Commercial

Boeing Recommends Simulator Training for 737 MAX Return to Service

Boeing is recommending the use of flight simulator training for the return to service of the 737 MAX. Photo: Boeing

In a statement posted to its website, Boeing is recommending the use of flight simulator training to accompany the return to service of its grounded 737 MAX fleet, which is a change from previous statements the manufacturer has made about the aircraft.

Grounding of the 737 MAX will officially reach the 10-month mark next week, after separate Ethiopian Airlines and Lion Air flights crashed and killed a combined 346 passengers and crew onboard. When the MAX first entered into service in 2017, because of its similarities to the previous generation 737 Next Generation, no simulator training was required—an aspect of the aircraft program that has come under scrutiny civil aviation regulatory officials and experts investigating the two crashes.

“Boeing is recommending 737 MAX simulator training in addition to computer based training for all MAX pilots prior to return to service of the 737 MAX. This recommendation takes into account our unstinting commitment to the safe return of service as well as changes to the airplane and test results. Final determination will be established by the regulators,” the company said in a statement published to its website.

The statement marks the first time Boeing has publicly advocated for the use of flight simulator training to accompany the MAX’s return to service, as the company spent most of 2019 focusing on a software update designed to correct the functionality of the aircraft’s maneuvering characteristic augmentation system (MCAS). Boeing has not provided details yet on how it would envision flight simulator training occurring for 737 MAX pilots, and whether airlines or the company itself would fund such training.

According to a section of Boeing’s website dedicated to 737 MAX updates, nearly 90% of MAX operators have participated in simulator sessions featuring the MCAS software update that is still under review. The decision not to require simulator training for 737 MAX pilots when the aircraft was first entering into service was also driven by by Boeing’s desire to save airlines money on the cost of such training.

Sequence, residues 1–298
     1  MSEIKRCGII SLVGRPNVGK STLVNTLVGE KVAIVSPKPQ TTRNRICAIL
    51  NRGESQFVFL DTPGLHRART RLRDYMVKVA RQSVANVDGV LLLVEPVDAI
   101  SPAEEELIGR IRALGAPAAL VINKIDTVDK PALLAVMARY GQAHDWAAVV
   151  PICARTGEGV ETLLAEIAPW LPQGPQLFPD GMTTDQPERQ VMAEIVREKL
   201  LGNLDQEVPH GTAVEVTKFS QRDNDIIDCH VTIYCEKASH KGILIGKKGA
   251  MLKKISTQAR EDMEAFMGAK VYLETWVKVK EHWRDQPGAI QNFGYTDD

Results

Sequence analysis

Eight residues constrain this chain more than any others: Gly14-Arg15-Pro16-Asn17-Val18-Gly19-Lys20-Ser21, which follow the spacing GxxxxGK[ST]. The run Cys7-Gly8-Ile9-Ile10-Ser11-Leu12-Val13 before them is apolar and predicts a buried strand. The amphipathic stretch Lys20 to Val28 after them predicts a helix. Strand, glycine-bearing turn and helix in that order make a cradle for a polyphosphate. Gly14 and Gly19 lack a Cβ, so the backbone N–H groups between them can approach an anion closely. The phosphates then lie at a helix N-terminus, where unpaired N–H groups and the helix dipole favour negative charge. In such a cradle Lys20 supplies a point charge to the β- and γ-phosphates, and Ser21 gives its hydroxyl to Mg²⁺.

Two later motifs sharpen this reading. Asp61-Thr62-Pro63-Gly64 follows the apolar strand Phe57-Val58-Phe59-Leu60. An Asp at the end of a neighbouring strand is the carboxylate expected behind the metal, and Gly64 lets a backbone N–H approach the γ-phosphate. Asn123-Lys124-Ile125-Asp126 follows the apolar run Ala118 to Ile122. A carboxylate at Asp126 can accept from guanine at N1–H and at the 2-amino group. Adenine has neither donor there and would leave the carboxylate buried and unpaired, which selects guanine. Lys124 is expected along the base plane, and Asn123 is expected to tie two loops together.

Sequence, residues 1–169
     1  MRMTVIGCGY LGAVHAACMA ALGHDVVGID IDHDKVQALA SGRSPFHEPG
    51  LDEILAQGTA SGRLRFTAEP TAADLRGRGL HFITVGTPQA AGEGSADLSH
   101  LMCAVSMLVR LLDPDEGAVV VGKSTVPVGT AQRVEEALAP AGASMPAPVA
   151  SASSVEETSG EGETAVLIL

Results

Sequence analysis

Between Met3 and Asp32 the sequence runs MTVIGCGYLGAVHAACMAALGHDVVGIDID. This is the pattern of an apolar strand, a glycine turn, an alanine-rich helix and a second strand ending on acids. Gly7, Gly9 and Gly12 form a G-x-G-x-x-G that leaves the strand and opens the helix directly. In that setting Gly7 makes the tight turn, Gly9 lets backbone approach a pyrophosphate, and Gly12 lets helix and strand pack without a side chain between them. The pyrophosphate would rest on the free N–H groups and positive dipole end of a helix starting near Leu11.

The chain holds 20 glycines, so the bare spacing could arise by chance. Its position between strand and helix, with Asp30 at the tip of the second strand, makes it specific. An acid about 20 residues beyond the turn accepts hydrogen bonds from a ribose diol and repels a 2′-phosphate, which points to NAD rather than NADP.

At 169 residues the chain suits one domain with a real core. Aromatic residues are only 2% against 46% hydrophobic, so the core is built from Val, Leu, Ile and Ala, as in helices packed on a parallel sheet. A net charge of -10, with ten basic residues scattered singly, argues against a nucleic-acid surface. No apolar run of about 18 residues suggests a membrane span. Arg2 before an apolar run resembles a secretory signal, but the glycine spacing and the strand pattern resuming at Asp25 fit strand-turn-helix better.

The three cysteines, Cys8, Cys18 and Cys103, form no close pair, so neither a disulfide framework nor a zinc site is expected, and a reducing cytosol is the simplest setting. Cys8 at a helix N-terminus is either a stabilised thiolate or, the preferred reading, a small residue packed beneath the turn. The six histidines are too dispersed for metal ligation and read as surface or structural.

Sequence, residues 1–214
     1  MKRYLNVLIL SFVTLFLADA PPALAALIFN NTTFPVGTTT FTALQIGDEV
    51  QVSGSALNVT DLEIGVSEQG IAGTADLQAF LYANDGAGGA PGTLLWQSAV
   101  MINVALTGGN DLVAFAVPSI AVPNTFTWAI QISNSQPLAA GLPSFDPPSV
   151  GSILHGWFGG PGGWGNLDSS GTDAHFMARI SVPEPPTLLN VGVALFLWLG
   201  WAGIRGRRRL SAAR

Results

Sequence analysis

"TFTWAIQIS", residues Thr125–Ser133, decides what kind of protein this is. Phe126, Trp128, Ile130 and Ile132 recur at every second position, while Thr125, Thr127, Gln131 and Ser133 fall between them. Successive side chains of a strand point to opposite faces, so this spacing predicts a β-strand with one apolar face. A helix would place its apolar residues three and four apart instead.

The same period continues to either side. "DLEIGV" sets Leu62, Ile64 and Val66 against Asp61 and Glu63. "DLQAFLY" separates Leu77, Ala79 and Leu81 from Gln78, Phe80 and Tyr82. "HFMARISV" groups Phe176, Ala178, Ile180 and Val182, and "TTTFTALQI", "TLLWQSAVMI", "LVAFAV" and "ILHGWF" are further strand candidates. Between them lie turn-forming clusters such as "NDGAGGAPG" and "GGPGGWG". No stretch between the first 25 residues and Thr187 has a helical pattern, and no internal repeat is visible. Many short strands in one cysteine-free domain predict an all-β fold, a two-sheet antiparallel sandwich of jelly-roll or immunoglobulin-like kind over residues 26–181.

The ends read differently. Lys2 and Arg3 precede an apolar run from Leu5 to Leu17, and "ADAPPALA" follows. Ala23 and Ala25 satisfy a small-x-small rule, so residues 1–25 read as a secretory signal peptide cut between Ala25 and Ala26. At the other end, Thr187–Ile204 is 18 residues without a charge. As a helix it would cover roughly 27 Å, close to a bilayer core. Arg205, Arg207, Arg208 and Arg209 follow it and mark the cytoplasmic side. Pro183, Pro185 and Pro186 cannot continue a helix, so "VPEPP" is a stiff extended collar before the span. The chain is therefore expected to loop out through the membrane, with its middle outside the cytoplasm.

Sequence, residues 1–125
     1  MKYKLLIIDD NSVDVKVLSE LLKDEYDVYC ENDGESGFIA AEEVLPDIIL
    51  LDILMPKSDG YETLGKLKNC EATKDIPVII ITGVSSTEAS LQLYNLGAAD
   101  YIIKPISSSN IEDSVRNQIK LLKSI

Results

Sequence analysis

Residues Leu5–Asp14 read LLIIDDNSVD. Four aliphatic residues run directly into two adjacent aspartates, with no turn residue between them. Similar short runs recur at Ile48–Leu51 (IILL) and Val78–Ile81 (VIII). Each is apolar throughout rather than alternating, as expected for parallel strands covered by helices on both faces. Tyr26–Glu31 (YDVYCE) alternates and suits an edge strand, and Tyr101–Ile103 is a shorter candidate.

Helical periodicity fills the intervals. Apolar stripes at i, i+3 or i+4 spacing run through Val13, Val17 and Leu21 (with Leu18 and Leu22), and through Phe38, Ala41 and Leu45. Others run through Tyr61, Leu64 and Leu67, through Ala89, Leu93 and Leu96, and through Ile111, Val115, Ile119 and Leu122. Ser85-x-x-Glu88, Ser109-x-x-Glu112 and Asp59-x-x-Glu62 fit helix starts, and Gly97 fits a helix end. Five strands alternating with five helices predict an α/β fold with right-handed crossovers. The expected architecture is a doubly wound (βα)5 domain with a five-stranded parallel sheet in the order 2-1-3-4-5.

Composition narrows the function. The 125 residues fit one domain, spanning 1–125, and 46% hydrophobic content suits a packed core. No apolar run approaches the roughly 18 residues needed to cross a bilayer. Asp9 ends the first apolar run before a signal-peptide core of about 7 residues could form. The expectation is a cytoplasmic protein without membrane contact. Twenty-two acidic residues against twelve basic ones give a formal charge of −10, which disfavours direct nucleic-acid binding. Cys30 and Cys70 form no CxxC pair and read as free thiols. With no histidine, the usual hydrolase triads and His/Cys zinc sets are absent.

Simulator training was one of the key points highlighted by the Southwest Airlines Pilots Association when it filed a lawsuit in October against Boeing alleging that the MAX grounding has caused its pilots to potentially lose more than $100 million in compensation. The pilots group indicated that if the FAA had required simulator training on the MAX, Boeing had agreed to provide Southwest with up to $1 million per MAX aircraft it received.

The simulator training recommendation is the latest in a series of steps the company has taken over the last month toward returning the MAX to service. In December, former Boeing CEO Dennis Muilenburg resigned, to be replaced by David Calhoun, who previously served as chairman of Boeing’s board of directors. Calhoun is to officially assume the chief executive role starting next week, while Chief Financial Officer Greg Smith has occupied the role in the transition period.

Prior to the CEO change, Boeing announced its decision to temporarily suspend 737 MAX production, and prioritize the delivery of the 400 newly manufactured aircraft it has produced since the grounding started. Those aircraft have been in storage awaiting regulatory approval on return to service.

"Public, customer and stakeholder confidence in the 737 MAX is critically important to us and with that focus Boeing has decided to recommend MAX simulator training combined with computer-based training for all pilots prior to returning the MAX safely to service,” Calhoun said.

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